Introducing Eli!

Eli is going to have a very dramatic introduction, because he tried to give me a heart attack Monday. I was still in bleary-eyed mode when I got the nightmare call while at work: Eli doesn’t feel good, he got some banamine, want to call the vet? YES CALL THE VET I’M ON MY WAY HOLY CRAP. Seriouly, that is the most unpleasantly invigorating call you can get. Woke me right the f up. Vet came, Eli got oil around 10am, and seemed pretty comfortable, very bored, and definitely hungry. All good signs. 11am, no poop…. 12pm, no poop… 1pm, no poop, owner panic attacks, horse yawns and tries to eat owner’s belt…. 2:30, POOP! YAY! Moist, nice apples, good-sized. Horse still bored and hungry. Horse owners have to be some of the only people on the planet that get super excited about poop. So far, so good, and if all goes well, vet gave the go ahead to gradually increase feed back to normal starting Tuesday night & exercise under saddle Wednesday.

Quite the introduction. Oh wait, there’s more! The actual introduction…

flexieli

This is Eli. He is, as you can see, a little special. Quite the contortionist …

makingfaces

And maker of faces …

grazing

And grass enthusiast. Connoisseur, even. Or, as our coach says, a cow about trying to graze.

Eli is an 11-yr-old OTTB. He raced as Carlisle’s Elysium. A few years ago, he came to the farm where I ride as a sales horse named Eli. Between racing and being a sales horse, I don’t really have any information as to what he was doing. And the first few times I rode him, he presented me with quite a few interesting challenges, such as not liking to be groomed, side-stepping, kicking, and biting while cross-tied, not steering very well under saddle, and bolting just a bit after jumps. Fascinating, to say the least. Even after all that melodrama, under saddle I liked the horse. He couldn’t (and still can’t) do a proper lead change, but after riding him a few weeks, I went from liking him to adoring him to being downright obsessed with the horse. After a while, I leased him. And then I bought him.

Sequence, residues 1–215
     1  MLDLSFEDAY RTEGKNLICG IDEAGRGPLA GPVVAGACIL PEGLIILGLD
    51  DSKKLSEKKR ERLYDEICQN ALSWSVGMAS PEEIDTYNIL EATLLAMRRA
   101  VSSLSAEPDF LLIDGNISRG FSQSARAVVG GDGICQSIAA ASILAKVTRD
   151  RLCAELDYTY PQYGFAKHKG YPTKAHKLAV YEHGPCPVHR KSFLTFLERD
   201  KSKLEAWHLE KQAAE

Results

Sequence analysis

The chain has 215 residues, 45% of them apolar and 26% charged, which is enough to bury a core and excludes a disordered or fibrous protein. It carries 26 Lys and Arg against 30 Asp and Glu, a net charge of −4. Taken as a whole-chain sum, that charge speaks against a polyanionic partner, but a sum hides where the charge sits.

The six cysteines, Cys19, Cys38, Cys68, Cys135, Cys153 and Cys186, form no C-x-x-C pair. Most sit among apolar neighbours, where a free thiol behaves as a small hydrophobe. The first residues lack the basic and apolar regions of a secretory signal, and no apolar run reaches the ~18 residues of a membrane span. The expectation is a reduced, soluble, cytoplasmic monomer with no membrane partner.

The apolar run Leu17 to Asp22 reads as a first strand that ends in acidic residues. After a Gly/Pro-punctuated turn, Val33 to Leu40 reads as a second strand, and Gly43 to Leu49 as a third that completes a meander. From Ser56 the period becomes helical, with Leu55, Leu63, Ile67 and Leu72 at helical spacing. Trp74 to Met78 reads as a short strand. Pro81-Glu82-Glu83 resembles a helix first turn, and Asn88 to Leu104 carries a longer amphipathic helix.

I have spent a lot of time calming him down in the cross-ties and straightening him out under saddle. I bribe him with cookies and peppermints. He has gone from anxious to confident. Today, he stands quietly, likes to be groomed (although don’t spray him with anything–just trust me), has three solid, forward, lovely(ish) gaits, jumps around big and slow at home, and continues to improve daily. It takes a lot of flatwork exercises, a lot of cavaletti exercises, and limiting trips over fences (mainly because over the jumps themselves, he’s pretty damn good & I don’t want him to go back to hating it), and ignoring (for now) what lead he’s on, or isn’t on, or whether he’s (cringe) cross-cantering while on course.

Every day I spend time with him, he does something to make me laugh. We’re both a little grumpy, so we get along–he’s my partner in crime. Cross-cantering to an oxer is a felony, didn’t you know?

P.S. I’m making a list of all that tack I need to sell or trade. I’ll post it soon! And a very happy birthday to Henry’s mom over on the $900 Facebook pony, intrepid tack swap coordinator!!!

11 thoughts on “Introducing Eli!

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